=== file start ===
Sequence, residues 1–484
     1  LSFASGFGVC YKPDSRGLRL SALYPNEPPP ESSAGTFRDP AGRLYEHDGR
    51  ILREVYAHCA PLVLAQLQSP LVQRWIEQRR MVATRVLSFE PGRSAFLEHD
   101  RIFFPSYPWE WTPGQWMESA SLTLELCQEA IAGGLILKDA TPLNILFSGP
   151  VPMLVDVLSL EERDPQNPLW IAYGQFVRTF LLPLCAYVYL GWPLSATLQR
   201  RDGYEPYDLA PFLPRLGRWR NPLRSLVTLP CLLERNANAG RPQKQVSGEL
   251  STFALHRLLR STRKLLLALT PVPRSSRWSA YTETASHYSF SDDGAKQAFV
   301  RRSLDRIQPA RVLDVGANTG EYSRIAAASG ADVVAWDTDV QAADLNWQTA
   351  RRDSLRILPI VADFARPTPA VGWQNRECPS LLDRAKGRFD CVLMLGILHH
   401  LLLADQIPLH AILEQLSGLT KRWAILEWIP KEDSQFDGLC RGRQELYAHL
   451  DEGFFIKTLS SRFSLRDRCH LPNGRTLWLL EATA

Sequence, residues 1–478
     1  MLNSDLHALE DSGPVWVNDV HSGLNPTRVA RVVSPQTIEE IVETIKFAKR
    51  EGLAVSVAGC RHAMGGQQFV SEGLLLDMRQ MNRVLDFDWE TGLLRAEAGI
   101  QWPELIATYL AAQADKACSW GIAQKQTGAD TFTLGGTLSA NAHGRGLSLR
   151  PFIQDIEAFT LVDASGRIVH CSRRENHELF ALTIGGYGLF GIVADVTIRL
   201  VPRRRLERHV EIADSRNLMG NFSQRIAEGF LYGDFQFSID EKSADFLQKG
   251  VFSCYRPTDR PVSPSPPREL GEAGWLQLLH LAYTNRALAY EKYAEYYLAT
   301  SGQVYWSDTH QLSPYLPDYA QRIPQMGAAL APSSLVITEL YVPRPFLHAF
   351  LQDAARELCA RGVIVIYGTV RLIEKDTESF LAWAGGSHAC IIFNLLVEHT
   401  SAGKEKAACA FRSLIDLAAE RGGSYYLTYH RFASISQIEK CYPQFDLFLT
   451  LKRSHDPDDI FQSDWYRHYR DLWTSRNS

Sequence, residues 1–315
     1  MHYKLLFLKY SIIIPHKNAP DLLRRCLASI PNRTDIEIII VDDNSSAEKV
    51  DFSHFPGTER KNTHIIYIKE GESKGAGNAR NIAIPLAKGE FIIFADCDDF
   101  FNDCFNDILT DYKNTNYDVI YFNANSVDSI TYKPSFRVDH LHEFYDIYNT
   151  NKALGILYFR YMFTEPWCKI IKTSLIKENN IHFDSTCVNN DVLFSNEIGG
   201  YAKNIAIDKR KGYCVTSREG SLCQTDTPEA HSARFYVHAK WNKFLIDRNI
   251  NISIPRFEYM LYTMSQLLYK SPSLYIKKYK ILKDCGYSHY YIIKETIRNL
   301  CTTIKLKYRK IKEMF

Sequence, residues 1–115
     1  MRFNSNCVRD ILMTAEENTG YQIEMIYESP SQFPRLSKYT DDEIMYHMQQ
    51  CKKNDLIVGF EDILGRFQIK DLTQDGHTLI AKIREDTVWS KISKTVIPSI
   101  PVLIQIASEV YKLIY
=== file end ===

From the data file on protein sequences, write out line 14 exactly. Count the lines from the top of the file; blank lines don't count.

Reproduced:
    51  EGLAVSVAGC RHAMGGQQFV SEGLLLDMRQ MNRVLDFDWE TGLLRAEAGI